We have been waiting a long time for Microsoft to add WebRTC to its browser portfolio. That day finally came last month when Microsoft announced its new Windows 10 Edge browser had ORTC. This certainly does not immediately address the Internet Explorer population and ORTC is still new to many (which is why we cover it often). On the positive side, interoperability between Edge, Chrome, and Firefox on the audio side was proven within days by multiple parties. Much of ORTC is finding its way into the WebRTC 1.0 specification and browser implementations.
Last week I attended the Illinois Institute of Technology Real-Time Communications (IIT-RTC) Conference in Chicago. This event has a history of attracting key players from around the RTC world. It features discussion that is distilled down to the key trends and technology challenges in the industry, with very little “fluff” on top. This year the IIT-RTC conference was co-located with IPTComm as well, adding to the quality of the content.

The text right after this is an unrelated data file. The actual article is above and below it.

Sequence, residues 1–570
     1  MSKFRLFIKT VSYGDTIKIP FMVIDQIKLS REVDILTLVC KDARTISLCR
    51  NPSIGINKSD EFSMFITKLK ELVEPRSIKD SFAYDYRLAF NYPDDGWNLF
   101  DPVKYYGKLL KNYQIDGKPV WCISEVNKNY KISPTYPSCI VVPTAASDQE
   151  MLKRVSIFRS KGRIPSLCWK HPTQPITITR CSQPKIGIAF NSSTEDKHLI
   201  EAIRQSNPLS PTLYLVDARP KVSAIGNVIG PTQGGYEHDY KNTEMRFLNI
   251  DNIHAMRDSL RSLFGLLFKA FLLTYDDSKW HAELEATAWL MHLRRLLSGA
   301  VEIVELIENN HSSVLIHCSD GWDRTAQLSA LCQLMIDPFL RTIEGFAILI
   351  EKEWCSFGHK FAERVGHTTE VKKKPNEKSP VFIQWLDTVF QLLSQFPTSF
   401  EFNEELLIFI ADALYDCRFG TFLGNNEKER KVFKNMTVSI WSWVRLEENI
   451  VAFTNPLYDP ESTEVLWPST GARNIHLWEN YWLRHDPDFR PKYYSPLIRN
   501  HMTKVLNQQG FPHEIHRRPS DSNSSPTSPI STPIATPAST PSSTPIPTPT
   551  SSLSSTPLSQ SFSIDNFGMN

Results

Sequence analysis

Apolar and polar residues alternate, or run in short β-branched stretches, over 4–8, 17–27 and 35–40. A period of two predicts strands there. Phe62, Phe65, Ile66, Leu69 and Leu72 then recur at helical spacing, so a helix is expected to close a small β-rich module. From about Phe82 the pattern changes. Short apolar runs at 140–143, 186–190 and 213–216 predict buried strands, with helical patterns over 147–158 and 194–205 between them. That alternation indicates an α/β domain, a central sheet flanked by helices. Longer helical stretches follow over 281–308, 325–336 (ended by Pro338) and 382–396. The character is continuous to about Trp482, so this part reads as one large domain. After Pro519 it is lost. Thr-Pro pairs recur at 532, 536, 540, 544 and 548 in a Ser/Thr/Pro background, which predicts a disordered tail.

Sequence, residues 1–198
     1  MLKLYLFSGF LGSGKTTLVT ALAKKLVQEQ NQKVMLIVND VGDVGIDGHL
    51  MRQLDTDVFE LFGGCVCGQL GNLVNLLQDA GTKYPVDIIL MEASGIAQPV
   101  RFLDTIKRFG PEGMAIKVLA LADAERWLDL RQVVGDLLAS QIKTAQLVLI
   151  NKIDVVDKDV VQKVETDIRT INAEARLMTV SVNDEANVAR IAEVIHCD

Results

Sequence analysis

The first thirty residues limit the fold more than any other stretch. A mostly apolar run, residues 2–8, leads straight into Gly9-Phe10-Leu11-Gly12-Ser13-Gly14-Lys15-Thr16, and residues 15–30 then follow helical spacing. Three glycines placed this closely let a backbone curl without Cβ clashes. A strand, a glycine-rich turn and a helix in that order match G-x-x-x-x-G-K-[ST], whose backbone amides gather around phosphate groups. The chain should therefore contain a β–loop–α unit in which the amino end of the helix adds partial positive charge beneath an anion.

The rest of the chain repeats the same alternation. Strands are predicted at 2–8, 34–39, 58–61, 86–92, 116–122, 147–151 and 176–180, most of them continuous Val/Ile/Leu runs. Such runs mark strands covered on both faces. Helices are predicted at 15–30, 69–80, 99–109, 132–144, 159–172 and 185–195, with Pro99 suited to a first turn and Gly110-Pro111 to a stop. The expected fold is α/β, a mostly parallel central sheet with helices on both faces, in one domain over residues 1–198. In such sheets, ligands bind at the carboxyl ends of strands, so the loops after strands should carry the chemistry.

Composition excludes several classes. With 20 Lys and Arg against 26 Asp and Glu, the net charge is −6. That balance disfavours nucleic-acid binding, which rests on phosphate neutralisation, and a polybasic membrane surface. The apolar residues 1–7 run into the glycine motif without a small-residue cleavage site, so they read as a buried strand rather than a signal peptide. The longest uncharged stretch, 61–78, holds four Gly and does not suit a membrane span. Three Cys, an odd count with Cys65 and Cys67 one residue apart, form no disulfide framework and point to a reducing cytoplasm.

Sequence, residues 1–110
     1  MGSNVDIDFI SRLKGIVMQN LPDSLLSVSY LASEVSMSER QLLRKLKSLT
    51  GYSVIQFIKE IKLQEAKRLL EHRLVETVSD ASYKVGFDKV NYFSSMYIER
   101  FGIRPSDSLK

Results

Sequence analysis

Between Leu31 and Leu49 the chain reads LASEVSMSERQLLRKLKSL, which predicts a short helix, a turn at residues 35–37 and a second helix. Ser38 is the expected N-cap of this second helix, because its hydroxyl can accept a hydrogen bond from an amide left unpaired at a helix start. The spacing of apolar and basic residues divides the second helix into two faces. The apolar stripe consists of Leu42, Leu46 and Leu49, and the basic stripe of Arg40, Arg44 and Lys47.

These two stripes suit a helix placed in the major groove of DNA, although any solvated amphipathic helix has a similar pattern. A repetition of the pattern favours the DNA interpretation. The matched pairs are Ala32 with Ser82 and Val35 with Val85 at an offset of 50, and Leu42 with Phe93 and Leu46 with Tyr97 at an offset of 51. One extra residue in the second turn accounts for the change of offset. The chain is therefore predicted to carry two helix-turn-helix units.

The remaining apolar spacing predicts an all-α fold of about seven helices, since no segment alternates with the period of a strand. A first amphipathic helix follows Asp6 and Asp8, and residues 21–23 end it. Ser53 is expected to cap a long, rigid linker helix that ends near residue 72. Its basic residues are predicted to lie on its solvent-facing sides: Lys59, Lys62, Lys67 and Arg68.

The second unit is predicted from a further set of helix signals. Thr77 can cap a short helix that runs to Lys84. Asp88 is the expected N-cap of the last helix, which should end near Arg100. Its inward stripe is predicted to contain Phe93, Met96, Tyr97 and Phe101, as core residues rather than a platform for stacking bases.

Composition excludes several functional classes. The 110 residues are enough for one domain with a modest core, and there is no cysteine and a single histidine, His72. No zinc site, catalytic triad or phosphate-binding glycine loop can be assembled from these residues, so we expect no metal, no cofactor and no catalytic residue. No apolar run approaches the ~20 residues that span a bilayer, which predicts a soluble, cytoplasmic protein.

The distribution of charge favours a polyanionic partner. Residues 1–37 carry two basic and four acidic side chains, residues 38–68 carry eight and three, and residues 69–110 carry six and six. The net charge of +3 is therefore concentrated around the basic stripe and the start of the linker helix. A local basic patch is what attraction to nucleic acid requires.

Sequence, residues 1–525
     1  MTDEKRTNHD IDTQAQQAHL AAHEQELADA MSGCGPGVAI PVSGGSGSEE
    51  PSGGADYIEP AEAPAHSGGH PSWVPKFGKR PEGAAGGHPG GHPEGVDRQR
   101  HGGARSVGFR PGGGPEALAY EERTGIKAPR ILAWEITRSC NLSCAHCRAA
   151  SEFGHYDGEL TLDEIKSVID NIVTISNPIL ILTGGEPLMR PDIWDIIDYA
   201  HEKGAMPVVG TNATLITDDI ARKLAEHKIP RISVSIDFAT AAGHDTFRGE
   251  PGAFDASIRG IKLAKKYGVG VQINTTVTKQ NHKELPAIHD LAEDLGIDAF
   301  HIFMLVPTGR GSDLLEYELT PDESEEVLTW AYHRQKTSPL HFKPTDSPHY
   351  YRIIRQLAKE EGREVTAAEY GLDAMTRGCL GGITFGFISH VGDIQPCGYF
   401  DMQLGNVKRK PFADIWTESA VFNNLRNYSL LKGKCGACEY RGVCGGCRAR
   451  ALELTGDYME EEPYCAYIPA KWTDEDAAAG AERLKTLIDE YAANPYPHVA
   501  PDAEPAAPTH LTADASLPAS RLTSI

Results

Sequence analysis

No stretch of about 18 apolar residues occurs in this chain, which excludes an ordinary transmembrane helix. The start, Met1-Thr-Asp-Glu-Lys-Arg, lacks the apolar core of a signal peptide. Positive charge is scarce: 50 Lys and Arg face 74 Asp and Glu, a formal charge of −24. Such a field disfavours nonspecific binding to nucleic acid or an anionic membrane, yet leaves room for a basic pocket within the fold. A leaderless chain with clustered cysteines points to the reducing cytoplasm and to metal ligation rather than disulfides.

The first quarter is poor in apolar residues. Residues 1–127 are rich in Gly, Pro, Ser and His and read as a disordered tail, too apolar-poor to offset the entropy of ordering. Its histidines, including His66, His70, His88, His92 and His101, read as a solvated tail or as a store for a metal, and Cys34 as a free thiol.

Topics at the conference touched on many segments of RTC, including IMS, RCS, E-911, OTT, and more. Our own Victor Pascual sits on the steering committee for the Web and Emerging Technologies track, where WebRTC was given particular focus. It began with a fantastic WebRTC tutorial from Alan Johnston (co-author of the SIP specification and a dozen other IETF RFCs) and Dan Burnett (co-editor of the W3C WebRTC specification). They are also both co-authors of “WebRTC: APIs and RTCWeb Protocols of the HTML5 Real-Time Web”, and provided a fantastic expert introduction to WebRTC APIs and methodologies. This set the tone for lots of excellent presentation, expert perspective, demonstrations, and discussion on WebRTC over the next few days. Here are some discussions I found particularly interesting: